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Canberra's urban forest threatened by extreme heat, drought — and drivers parking on nature strips

By Craig Allen, Thursday February 27, 2020 - 09:55 EDT
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City Services' employee Kevin Warhurst marks one of Canberra's many dying trees. - ABC

If you park your car on the nature strip, beware — you're killing Canberra's street trees and the ACT Government will track you down.

Thousands of the bush capital's trees are suffering from a combination of extreme heat and very little rain — and ACT City Services Minister Chris Steel believes motorists are compounding the damage.

"It is illegal to park under street trees on public land, on verges," Mr Steel said.

"[It] damages tree roots by compacting the soil, stops nutrients from getting to the tree and puts them at risk of dying.

"So we will be stepping up education and compliance in relation to illegal parking under trees."

Canberra's "urban forest" recently had about 750,000 trees, but many thousands have succumbed to the capital's record-breaking summer of extreme heat and dryness.

"This is the worst summer I can remember," horticulturalist Scott Burns said.

"[A] combination of the wind, the heat, absolutely no rain — and it just parched everything ridiculously quickly."

Mr Burns said even the most established trees had been affected.

"Just look around town at a lot of the European trees that were planted way back in [Charles] Weston's time … Half of them are dead, or looking really, really, really poor," he said.

"Fully mature, 50-plus-year-old trees that are more dead than alive from lack of water and … the really stressful environment."

One in four tree species in Canberra 'unsuitable' for changing climate

Mr Steel announced yesterday a "rescue package" for the city's urban trees, which included increasing the number that were hand-watered.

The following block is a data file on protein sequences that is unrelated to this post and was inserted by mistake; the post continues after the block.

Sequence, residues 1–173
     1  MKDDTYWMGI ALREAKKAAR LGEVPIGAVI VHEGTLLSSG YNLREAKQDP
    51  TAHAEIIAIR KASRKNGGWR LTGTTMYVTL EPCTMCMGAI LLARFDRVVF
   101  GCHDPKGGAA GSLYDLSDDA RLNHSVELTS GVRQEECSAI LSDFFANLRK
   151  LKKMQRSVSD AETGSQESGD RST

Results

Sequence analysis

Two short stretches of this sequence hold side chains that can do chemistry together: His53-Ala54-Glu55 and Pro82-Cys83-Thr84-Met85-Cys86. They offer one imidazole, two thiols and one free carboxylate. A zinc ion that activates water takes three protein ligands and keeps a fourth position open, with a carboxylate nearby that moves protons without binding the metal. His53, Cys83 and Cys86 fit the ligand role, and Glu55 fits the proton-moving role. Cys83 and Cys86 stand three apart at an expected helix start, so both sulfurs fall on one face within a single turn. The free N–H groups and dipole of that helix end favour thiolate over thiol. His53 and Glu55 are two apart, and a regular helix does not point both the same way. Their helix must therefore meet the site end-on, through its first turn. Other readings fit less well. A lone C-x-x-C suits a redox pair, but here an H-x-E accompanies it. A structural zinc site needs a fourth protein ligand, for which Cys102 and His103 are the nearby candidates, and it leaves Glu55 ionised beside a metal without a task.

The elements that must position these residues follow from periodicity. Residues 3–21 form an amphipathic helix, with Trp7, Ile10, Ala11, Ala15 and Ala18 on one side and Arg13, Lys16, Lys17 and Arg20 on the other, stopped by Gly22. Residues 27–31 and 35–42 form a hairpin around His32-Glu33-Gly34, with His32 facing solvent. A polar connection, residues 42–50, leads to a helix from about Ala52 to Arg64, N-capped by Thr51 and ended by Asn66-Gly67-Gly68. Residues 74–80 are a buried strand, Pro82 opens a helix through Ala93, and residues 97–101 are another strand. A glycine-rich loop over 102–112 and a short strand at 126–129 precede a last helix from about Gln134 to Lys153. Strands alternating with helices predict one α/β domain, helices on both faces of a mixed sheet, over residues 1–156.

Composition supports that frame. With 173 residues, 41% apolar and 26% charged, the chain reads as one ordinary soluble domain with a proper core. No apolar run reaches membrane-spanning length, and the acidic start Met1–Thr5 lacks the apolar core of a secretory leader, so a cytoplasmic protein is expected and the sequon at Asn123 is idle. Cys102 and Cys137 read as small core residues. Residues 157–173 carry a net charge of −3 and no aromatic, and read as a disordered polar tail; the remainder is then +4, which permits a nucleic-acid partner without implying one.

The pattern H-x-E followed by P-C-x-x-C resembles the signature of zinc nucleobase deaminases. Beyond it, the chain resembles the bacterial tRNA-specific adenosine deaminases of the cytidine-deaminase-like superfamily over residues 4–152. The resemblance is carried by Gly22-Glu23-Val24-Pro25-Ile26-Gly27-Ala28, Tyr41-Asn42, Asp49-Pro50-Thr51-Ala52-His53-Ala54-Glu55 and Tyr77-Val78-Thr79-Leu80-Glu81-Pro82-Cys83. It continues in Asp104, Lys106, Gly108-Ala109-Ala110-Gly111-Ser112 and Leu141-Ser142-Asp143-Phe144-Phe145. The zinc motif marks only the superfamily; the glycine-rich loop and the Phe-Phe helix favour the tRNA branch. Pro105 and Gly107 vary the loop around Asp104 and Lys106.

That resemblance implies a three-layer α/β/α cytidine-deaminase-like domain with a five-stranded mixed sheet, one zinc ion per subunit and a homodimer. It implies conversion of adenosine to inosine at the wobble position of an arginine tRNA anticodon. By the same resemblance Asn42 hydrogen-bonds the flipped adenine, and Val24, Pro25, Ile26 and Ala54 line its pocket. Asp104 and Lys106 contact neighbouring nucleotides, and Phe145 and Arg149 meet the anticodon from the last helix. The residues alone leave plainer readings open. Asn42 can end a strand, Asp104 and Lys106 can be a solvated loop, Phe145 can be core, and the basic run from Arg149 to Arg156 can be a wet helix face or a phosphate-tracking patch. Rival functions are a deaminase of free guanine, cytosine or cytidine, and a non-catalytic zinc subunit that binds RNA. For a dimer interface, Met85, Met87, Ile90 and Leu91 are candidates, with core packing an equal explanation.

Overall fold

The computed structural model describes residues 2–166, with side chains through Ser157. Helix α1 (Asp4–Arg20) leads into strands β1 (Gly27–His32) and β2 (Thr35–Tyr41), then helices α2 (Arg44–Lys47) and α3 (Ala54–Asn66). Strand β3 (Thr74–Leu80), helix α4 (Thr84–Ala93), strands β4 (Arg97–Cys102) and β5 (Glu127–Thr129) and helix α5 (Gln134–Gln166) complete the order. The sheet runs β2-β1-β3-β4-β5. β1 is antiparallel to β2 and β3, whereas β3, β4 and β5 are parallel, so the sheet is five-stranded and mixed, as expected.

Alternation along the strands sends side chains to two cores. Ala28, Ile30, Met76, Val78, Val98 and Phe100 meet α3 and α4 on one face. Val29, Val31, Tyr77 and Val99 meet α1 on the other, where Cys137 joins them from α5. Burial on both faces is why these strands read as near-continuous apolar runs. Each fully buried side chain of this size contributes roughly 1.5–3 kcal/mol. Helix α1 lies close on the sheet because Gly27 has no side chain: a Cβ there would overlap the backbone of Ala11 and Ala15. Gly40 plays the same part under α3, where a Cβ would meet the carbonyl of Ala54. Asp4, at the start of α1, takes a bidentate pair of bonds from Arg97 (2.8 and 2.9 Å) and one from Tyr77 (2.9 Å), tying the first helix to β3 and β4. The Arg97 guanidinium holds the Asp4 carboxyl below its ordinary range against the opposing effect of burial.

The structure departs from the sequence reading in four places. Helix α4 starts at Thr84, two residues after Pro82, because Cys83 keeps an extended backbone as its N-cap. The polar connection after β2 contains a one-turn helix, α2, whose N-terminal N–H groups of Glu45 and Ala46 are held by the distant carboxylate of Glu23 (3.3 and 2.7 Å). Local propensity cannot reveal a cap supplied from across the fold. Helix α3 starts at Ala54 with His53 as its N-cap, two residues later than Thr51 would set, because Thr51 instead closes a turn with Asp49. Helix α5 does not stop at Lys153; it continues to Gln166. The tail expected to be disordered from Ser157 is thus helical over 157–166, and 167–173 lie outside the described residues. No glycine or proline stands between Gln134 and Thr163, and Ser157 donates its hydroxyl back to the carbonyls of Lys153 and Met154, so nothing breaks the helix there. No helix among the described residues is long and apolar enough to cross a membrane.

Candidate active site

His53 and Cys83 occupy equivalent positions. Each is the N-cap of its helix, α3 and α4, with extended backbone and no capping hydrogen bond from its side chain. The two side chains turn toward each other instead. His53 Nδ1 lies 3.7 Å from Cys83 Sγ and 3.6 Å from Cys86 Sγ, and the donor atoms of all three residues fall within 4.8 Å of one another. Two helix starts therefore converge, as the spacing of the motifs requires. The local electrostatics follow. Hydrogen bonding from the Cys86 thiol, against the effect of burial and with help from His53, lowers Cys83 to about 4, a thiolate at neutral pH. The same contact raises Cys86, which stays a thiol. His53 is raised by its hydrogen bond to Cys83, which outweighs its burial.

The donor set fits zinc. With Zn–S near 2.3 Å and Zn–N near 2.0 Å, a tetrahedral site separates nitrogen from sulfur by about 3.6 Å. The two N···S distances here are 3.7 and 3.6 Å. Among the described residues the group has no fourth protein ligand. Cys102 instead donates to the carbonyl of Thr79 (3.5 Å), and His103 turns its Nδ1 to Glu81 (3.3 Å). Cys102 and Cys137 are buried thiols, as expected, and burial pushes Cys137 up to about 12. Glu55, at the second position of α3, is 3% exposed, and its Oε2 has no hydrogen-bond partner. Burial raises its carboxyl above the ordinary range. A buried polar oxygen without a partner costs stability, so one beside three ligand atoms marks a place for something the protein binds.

He said the Government had been watering about 22,000 young trees that were less than five years old, but 6,000 mature trees would now be added to its list.

Mr Steel said the focus would be on Canberra's heritage areas, such as City Hill, Ainslie and Limestone avenues, and Telopea Park.

Contractors would also be brought on to spread tonnes of extra mulch to lock the moisture in.

But Mr Burns said the Government also needed to rethink which tree species it planted.

"I think that's a really wise move — to use and plant trees that are more suitable to a more arid climate," he said.

"Your exotic species, which are more deciduous than evergreen, will have a relationship with the soil profile and everything they're growing with. So they can cool the ambient air temperature by 5 degrees [Celcius].

"And the grass underneath them, being in a bit of shade, will also stay green even if the soil's quite dry, so it'll cool everything down."

Mr Steel said recent Australian National University research indicated many of Canberra's existing tree species would not flourish as the climate became hotter and drier.

"Twenty-eight per cent of our current tree species are unsuitable for the conditions that we will be experiencing over the next few decades," he said.



© ABC 2020

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